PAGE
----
This week, Task and Purpose brings us an invaluable reminder of one of the less prominent but most important works of one of America’s greatest writers, Ernest Hemingway.
“Fresh off a stint driving an ambulance for the Red Cross on the Italian front during World War I, the young Hemingway landed at The Toronto Star Weekly in early 1920,” writes Task and Purpose’s Danny Leffler. It was there, against the backdrop of “the rise of stolen valor and the lousy market for war medals that accompanied the end of the Great War,” that Hemingway penned the work we’re here to remember today, “Popular in Peace–Slacker in War.”
The subject: a merciless takedown of those Canadians who dodged actual military service by working in American munitions plants, but still want to pass themselves off as veterans and reap the rewards of their countrymen’s admiration. His weapons of choice sarcasm and satire, Hemingway framed the piece as a guide for how these non-heroes could pass themselves off as having actually seen battle.
The entire piece is well worth your time, but here’s a sample of Hemingway’s “advice”:
When you are asked by a sweet young thing at a dance if you ever met Lieut. Smithers, of the R.A.F., in France or if you happened to run into Maj. MacSwear, of the C.M.R.’s, merely say “No,” in a distant tone. That will put her in her place, and, besides, it is all that any of us can say.
A good plan is to go to one of the stores handling secondhand army goods and purchase yourself a trench coat. A trench coat worn in winter-time is a better advertisement of military service than an M.C. [Military Cross]. If you cannot get a trench coat buy a pair of army shoes. They will convince everyone you meet on a streetcar that you have seen service.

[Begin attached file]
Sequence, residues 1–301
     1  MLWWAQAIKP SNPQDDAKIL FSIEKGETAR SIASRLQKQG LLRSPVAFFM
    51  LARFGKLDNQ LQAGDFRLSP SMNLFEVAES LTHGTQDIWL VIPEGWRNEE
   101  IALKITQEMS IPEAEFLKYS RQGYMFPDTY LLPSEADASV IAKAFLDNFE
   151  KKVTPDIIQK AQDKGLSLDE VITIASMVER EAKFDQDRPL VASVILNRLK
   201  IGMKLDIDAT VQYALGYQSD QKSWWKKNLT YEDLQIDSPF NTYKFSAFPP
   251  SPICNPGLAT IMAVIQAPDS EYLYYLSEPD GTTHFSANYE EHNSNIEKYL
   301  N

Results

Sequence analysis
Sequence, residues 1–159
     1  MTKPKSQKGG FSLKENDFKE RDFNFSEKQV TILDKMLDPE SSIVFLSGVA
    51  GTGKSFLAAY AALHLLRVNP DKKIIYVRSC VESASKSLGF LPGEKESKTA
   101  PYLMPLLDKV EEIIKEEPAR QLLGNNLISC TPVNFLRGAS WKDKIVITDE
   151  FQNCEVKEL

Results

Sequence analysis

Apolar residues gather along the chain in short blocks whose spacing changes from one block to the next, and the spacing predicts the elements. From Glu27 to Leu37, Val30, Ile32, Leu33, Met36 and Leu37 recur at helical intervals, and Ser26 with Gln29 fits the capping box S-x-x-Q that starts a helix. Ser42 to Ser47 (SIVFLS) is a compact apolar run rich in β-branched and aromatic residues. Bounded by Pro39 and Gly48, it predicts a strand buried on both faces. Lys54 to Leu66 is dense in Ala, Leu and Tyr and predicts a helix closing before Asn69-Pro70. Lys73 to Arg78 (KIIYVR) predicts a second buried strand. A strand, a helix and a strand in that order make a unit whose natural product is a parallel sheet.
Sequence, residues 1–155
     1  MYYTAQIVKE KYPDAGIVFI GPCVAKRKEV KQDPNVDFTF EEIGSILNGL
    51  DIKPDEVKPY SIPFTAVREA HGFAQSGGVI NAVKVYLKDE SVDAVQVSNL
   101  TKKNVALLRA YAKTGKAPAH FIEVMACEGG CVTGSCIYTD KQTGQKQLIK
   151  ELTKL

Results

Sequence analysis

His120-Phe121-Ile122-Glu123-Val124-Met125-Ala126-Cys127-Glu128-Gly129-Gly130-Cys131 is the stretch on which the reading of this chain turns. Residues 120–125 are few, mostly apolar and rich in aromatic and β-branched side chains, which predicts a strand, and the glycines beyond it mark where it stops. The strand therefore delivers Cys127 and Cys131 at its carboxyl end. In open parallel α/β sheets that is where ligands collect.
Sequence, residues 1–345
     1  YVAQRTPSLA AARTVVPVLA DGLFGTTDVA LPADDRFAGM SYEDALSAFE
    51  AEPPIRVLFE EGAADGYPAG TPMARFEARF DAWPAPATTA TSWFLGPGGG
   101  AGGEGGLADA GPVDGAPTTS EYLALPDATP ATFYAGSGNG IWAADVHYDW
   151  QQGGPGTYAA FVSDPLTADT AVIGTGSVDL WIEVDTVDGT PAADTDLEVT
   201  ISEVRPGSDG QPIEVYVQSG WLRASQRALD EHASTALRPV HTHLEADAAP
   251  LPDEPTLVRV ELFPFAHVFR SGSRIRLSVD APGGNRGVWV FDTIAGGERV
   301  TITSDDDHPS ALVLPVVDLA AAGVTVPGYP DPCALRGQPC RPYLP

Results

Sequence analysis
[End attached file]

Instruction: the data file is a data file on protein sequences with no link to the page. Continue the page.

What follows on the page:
The trench coat and the army issue shoes will admit you at once into that camaraderie of returned men which is the main result we obtained from the war. Your far-seeing judgment in going to the States is now vindicated, you have all the benefits of going to war and none of its drawbacks.
A very good plan would be to learn the tunes of “Mademoiselle from Armentiéres” and “Madelon.” Whistle these religious ballads as you stand in the back platform of the streetcar and you will be recognized by all as a returned man. Unless you are of hardy temperament do not attempt to learn the words of either of those two old hymns.
Lest anyone mistake this for actual advice, Hemingway made his point crystal clear in a deadly serious conclusion:
Now you have service at the front, proven patriotism and a commission firmly established, there is only one thing left to do. Go to your room alone some night. Take your bankbook out of your desk and read it through. Put it back in your desk.
Stand in front of your mirror and look yourself in the eye and remember that there are fifty-six thousand Canadians dead in France and Flanders. Then turn out the light and go to bed.
To this day, charlatans faking military service is a real problem. Sometimes the scam is in service of an ideological agenda, like the 2006 case of Jesse MacBeth, who pretended to have served in Iraq to protest the war, but often these are just degenerates trying to grab some unearned admiration or other personal gain. It’s a federal crime to wear military medals one hasn’t actually earned.